The city of Paris is divided into 20 arrondissements or districts ("roundings"). The 7ème arrondissement is on the Left Bank near the center of the city and covers about a mile and a half of territory. The population is about 50,000 these days. That's about 33,000 people per square mile.
The neighboring 15ème arrondissement, which is mostly residential, covers 3.25 square miles and has a population density that's twice as high — more than 72,000/sq. mi. (about the same as Manhattan in New York City). The overall population density of Paris falls in between at about 53,000/sq.mi.
Another comparison: Saint-Aignan, where I live, is about 150 miles south of Paris, and is the main town of a French canton that has an area of nearly 140 square miles. The population density of the canton de Saint-Aignan, pop. 19,000, is about 135/sq. mi. Even if the entire population of Paris lived in our canton, the density would be just 15,000/sq. mi. — half that of the 7th in Paris.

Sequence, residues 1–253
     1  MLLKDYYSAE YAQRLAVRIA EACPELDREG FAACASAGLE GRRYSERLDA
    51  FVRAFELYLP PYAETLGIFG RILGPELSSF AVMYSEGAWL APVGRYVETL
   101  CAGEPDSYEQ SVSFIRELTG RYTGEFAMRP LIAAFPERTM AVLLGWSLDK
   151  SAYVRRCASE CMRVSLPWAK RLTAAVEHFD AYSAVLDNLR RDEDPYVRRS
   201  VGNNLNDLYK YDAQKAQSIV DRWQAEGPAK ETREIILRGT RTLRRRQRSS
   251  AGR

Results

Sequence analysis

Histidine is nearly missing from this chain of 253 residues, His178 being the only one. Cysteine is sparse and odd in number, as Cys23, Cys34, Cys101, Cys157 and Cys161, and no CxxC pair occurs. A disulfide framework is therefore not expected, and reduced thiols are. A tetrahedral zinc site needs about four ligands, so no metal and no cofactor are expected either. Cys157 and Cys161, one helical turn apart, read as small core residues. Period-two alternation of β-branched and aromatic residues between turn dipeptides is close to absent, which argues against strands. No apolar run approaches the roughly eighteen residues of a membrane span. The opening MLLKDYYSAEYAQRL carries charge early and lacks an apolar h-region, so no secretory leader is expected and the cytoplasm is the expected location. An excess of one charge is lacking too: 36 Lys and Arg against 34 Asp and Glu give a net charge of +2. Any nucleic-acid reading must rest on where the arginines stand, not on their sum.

Sometimes it can start to feel a little lonely out here. But I have to admit, the quiet is nice.
Much of the 7th is given over to grand monuments and large properties: the Eiffel Tower, the Invalides complex, the Rodin museum, the prime minister's residence, the residence of the archbishop of Paris, and so on. The photo above shows the part of the 7th that closest to the center of the city. The imposing white building set in a park is the archbishop's place. Just below it is the 17th-century Hôpital Laennec complex.
Part of the Invalides complex — it's a Louis XIV-era military hospital — is the église du Dôme, above. Inside, under the gilded dome is the tomb of the emperor Napoléon 1er. When the Invalides hospital was built, it was in a rural setting, just outside the city, surrounded by fields and grasslands.
A wide avenue with a grassy median runs south from the dome of the Invalides for about a kilometer (just over half a mile). It's the avenue de Breteuil and the photo above shows the place de Breteuil with its monument to and statue of Louis Pasteur in the center. The wide street with all the markings you see at the top right-corner of the photo is the avenue de Saxe, where one of Paris's nicest outdoor markets sets up on Thursday and Saturday mornings. It's called the marché Saxe-Breteuil.